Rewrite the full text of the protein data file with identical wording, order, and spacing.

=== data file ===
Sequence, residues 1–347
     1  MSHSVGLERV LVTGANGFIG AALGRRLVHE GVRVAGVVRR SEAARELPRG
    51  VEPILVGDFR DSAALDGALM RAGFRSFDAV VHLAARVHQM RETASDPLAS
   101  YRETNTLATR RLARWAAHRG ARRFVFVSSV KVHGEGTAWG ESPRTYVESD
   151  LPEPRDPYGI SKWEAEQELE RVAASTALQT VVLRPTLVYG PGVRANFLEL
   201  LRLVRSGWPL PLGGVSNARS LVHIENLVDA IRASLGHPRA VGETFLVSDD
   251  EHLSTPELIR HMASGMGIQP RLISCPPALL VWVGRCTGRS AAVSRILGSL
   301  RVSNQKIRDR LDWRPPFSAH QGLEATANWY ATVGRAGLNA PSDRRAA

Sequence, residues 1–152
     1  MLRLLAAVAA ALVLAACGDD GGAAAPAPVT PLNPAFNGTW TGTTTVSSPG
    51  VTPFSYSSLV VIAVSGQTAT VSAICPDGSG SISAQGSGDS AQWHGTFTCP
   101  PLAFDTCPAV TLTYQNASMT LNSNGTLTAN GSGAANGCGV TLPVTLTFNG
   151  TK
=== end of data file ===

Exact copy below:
Sequence, residues 1–347
     1  MSHSVGLERV LVTGANGFIG AALGRRLVHE GVRVAGVVRR SEAARELPRG
    51  VEPILVGDFR DSAALDGALM RAGFRSFDAV VHLAARVHQM RETASDPLAS
   101  YRETNTLATR RLARWAAHRG ARRFVFVSSV KVHGEGTAWG ESPRTYVESD
   151  LPEPRDPYGI SKWEAEQELE RVAASTALQT VVLRPTLVYG PGVRANFLEL
   201  LRLVRSGWPL PLGGVSNARS LVHIENLVDA IRASLGHPRA VGETFLVSDD
   251  EHLSTPELIR HMASGMGIQP RLISCPPALL VWVGRCTGRS AAVSRILGSL
   301  RVSNQKIRDR LDWRPPFSAH QGLEATANWY ATVGRAGLNA PSDRRAA

Sequence, residues 1–152
     1  MLRLLAAVAA ALVLAACGDD GGAAAPAPVT PLNPAFNGTW TGTTTVSSPG
    51  VTPFSYSSLV VIAVSGQTAT VSAICPDGSG SISAQGSGDS AQWHGTFTCP
   101  PLAFDTCPAV TLTYQNASMT LNSNGTLTAN GSGAANGCGV TLPVTLTFNG
   151  TK